As you can imagine, things like these are very hard to predict, but fortunately there’s an easy fix for them: use a signal extender to boost Wi-Fi range. A decent signal extender will cost about $50, and some manufacturers claim that their products can triple the signal range.

Place the signal extender between your router and the dead zone; this way, the weak signal will be amplified and transmitted towards the dead spots, which will be revived.

Dead zones are almost always inevitable. But the good news is that they can be easily brought back to life by following the steps highlighted in this article.

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Hulu Upgrade, Free Internet and Chinese Google Play Store

Hulu Adds an Innovative Feature to its App

Most video content providers try to add all sorts of features to their apps, but the truth is that most of them are pure eye candy: new types of user ratings, interactive previews, and so on. However, it looks like Hulu is onto something new with its latest app update, which will significantly boost the content watching experience.

From now on, you will be able to use your Oculus Rift and Gear VR to join your friends who are watching Hulu movies and television shows in virtual rooms. The company has also added touch features to its app, and you can already try them out if you have an Oculus Rift. Simply use your hands to browse through the existing library and pick up the desired “objects”.

Now that Hulu has raised the bar, it will be interesting to see what Netflix has in store for its users.

 

Alibaba Plans to Offer Free Internet Access in India

The e-Commerce giant, which has purchased Chinese-based UCWeb about three years ago, plans to provide the needed equipment that will help Indian people get access to free Internet. It’s a great move, because it also allows the company to provide low cost plans to people who can afford to pay for Internet access. Alibaba wants to plug its cables into existing Wi-Fi networks at the beginning, but its long-term goal is to strengthen UCWeb’s presence in India.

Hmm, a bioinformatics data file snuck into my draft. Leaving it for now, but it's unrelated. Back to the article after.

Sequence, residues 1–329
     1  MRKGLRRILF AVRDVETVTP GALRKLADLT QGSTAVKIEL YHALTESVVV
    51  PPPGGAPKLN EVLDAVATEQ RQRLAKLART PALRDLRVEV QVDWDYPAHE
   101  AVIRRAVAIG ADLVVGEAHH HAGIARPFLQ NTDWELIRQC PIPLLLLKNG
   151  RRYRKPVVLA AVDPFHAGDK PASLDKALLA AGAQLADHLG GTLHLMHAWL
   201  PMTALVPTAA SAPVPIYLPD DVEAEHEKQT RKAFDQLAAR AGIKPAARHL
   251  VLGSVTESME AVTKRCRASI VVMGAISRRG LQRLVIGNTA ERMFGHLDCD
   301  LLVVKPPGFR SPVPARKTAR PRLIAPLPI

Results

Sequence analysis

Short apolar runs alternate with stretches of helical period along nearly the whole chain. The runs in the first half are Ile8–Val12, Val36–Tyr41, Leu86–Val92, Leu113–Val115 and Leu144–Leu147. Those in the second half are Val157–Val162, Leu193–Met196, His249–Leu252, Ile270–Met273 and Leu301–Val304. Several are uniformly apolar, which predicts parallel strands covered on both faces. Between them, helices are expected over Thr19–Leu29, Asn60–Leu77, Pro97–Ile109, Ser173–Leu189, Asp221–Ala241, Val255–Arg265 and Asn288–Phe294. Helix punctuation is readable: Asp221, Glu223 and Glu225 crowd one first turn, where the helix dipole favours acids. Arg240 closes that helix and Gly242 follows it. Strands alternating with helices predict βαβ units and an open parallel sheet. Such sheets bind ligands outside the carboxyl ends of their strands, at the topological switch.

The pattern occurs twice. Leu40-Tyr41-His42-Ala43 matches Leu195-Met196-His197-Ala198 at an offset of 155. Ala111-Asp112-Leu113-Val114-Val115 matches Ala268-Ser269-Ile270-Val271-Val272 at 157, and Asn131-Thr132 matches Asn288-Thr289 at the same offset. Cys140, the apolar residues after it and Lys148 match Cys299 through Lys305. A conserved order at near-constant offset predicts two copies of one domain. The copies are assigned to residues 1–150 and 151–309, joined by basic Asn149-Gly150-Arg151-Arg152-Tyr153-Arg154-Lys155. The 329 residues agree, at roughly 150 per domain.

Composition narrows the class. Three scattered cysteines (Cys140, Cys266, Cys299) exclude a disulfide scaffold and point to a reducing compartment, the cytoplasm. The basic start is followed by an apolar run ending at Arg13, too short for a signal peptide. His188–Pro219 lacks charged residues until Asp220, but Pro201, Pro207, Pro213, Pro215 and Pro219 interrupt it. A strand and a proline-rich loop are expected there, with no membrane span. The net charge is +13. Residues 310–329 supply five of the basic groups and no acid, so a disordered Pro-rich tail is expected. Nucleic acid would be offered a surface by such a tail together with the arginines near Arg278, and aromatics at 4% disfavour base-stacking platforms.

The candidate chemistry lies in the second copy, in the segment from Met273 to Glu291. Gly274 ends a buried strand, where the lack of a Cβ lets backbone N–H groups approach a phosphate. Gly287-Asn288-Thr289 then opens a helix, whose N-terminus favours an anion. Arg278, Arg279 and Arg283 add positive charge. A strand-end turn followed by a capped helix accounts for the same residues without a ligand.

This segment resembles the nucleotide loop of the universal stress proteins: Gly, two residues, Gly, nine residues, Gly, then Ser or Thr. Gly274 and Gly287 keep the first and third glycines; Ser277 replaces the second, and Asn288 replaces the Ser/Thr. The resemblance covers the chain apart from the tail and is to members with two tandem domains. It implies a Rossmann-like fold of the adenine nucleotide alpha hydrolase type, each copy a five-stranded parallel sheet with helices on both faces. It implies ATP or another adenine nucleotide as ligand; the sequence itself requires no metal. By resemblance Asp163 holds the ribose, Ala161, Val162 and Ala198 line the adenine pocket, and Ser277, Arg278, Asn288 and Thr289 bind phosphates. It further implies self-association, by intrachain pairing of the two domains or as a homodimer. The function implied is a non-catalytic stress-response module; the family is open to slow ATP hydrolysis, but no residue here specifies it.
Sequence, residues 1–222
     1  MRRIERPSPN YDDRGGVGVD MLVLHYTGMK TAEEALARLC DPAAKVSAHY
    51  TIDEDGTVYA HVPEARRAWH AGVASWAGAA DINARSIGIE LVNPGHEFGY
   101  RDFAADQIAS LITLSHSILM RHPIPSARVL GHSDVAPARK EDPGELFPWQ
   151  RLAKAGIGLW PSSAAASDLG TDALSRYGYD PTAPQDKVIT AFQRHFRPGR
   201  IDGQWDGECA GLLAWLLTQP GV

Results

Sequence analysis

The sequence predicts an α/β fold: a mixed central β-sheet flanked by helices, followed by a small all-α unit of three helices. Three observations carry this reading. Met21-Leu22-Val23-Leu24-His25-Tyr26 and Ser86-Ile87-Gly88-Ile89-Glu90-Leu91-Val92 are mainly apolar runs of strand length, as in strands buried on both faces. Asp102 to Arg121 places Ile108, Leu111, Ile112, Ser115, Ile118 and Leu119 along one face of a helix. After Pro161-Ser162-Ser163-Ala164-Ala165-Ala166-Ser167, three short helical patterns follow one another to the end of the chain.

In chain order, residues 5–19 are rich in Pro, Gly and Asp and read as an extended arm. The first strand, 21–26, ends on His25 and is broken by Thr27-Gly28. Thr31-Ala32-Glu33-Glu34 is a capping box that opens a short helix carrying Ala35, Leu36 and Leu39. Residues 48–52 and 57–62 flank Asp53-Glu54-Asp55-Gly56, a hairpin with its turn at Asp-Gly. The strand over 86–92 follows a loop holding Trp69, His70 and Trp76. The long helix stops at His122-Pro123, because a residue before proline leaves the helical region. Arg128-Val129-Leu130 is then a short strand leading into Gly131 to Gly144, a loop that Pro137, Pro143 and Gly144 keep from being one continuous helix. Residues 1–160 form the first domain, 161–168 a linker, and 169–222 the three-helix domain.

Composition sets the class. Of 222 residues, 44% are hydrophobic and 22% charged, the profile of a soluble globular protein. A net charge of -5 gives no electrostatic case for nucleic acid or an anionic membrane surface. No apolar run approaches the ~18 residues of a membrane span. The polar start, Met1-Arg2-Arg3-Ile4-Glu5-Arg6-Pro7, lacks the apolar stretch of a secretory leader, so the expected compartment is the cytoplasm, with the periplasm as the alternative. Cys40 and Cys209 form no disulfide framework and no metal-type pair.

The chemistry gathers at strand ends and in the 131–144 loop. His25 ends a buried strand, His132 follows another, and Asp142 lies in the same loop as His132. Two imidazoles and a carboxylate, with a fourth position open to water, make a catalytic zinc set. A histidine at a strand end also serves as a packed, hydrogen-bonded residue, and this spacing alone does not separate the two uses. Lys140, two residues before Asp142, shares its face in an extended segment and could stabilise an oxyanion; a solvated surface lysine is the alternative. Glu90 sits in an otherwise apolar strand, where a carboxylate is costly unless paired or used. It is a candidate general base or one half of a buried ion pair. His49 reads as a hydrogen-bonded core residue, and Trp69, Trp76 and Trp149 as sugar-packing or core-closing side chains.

UCWeb is the maker of the popular, highly rated UC Browser, which can be installed on regular PCs and Android devices.

Will Alibaba succeed in its effort to penetrate the huge Indian market? Only time will tell us if the Indian government will allow it to do so. A similar initiative launched by Facebook was stopped in its tracks only a few months ago, because the government doesn’t want data/content providers to have total control over the type of content that can be consumed by the Indian people.

 

Google Has Built a Chinese Version of Play Store

According to Reuters, one of the top international news agencies, Google tried to launch a custom version of its Play Store in China last year. The Chinese government wants to control the types of apps that people can install on their phones, though.

Still, this country, which has a population of close to 1.4 billion people – yes, about 427% bigger than the US population – is a great target for any company, and especially for Google, which wants to keep its shareholders as happy as possible.

Android is one of the most popular smartphone operating systems in China, so it’s a pity that Play Store can’t be installed on Chinese phones. This explains why many Android users rely on third party app stores, which often times also include infected application and malware. Btw, if you think that your phone may be infected, give Lookout a try.

The Chinese government wants to force all these third-party stores to register, though. And then, they will have to get rid of illegal content. Does this mean that – now that the competition is gone – Google Play will finally enter the Chinese market, having an offer of carefully-screened apps? I promise to keep an eye on what’s happening beyond the Great Wall of China.